Master the Art of Short Selling
Most media outlets paint short sellers as the bad guys of the financial market. In most cases, they are presented as villains who are there only to drive down the prices of the good guys. But as you already know, when it comes to modern media, you have to take everything with a grain of salt.
In reality, most short sellers are to point out over-valued organizations on the financial market and restore more accurate prices. Furthermore, short sellers provide liquidity to the market. In recent years, regulations that banned short selling have shown to have a negative effect on markets.
What exactly is Short Selling?
Essentially, short selling refers to the act of selling something that isn’t yours. Now, most people have a hard time understanding how’s this even allowed. Short sellers sell stocks only if they believe the price of the stock in question will decline in the near future. Basically, they will sell a stock at a high price, with hopes of buying it when the price goes down.
But before they can even sell you the stock, they have to borrow it from someone who actually owns it. Sellers always pay a fee to the company that borrows them the stock. Moreover, if the price goes up after the seller sells it, they are required to pay a margin to cover the possible financial loss. As you can see, short selling is far riskier than simply buying stocks, due to the fact that potential losses are practically limitless. You’ll want to make sure you have a good stock selection process. You can always use automated tools like TradeSpoon to help you out.
What Can You Learn from Short Sellers?
In most parts of the world, short selling is fairly common. In the United States equity market, for example, short selling amounts to roughly 45% of the dollar value traded. In other parts of the short selling is significantly lower. In Australia, for instance, it accounts for only 13% of the dollar value traded.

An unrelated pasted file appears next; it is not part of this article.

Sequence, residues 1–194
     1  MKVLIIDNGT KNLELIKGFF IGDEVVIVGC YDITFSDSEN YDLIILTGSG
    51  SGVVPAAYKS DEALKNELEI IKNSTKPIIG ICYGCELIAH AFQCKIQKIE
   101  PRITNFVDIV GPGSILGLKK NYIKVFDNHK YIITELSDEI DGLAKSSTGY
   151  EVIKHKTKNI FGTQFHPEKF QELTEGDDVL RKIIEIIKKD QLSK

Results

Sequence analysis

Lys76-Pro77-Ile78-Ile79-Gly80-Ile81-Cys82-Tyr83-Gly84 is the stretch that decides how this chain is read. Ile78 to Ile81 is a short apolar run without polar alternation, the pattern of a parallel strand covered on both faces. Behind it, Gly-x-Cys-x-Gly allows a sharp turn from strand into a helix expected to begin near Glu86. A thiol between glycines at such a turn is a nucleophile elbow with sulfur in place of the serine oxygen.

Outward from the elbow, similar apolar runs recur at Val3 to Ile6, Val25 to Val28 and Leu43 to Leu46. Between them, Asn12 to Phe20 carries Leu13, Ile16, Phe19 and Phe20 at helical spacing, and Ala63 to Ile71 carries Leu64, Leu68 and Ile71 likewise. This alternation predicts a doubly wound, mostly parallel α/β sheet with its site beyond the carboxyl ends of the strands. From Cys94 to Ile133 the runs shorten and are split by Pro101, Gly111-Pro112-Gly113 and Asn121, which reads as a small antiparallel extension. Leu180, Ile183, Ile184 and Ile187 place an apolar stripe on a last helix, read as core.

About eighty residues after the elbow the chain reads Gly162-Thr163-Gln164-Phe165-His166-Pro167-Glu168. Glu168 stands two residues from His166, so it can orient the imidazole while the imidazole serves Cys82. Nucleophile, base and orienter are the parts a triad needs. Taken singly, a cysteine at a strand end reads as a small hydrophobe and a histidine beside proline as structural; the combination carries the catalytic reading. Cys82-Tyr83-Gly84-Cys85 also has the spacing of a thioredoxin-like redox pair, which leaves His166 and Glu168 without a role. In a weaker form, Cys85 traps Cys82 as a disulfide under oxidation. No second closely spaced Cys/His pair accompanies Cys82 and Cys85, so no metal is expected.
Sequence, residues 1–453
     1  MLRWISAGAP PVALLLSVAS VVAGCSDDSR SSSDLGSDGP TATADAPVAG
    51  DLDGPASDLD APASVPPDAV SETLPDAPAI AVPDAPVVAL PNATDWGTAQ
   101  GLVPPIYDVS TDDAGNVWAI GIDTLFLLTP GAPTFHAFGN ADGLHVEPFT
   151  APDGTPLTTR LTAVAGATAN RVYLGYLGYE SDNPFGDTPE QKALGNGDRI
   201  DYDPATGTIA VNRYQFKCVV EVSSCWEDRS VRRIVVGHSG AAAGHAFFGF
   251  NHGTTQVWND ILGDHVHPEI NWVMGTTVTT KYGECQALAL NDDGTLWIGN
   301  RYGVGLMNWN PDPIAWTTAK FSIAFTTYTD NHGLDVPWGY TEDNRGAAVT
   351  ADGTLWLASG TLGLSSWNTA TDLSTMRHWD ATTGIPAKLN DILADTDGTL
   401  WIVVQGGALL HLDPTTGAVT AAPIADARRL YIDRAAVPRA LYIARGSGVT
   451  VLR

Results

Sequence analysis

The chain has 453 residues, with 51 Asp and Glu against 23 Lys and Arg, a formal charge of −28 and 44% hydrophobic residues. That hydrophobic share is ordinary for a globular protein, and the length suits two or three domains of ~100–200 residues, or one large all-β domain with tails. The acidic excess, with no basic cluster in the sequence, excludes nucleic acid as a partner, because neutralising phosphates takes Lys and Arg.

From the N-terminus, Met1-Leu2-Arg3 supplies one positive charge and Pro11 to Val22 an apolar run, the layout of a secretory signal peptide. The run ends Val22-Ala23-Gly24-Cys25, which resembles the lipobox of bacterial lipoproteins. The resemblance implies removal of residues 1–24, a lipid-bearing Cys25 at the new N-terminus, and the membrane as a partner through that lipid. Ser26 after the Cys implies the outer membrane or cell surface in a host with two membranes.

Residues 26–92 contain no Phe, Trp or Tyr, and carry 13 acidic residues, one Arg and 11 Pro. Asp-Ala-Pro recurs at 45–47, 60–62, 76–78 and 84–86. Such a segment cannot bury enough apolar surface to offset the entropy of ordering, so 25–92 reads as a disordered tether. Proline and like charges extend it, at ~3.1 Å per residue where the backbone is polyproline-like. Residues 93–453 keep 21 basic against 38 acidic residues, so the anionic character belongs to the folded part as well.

If a certain market has high levels of short selling, you can see that the stocks in that particular market are typically overvalued. Recent research has shown that short sellers are almost exclusively well-informed stock investors. Lightly shorted stocks exceed heavily shorted ones by around 15% per year.
Furthermore, research suggests that an average short seller is very skilled at finding overvalued stocks in any particular market. On average, they are able to make a good profit from taking a short position in these stocks. But the question now is – do you have any clear benefits from short sellers?
Do They Provide Any Benefits?
It turns out that short selling also provides additional liquidity to the financial market. According to the recent research from the Columbia Business School, in the United States, short sellers step into the US market to give it more liquidity when the cost of liquidity is too high.
And this is not an isolated incident. The same goes for the financial market in Australia. The country’s fund merger conducted a study, which revealed that short sellers are also noticeable liquidity providers in their market. In Australia, the ban on short selling resulted in visible liquidity reductions.
Can’t They Manipulate the Financial Market?
This brings us to our final question of the day – can’t short sellers actually manipulate any financial market? Some companies and investors have raised concerns about short sellers artificially bringing stock prices down in order to make a larger profit.
On the other hand, these companies are not so concerned about the prices of stocks being manipulated by people with a long position in a stock. The matter of the fact is, there are some crooked short sellers out there, but it doesn’t mean you can’t find crooked long sellers either.
In the end, the authorities need to make an effort to detect and consequently prosecute manipulative traders, regardless if the manipulator is pushing the price down or up or regardless of the fact if the manipulator is a short or a long seller.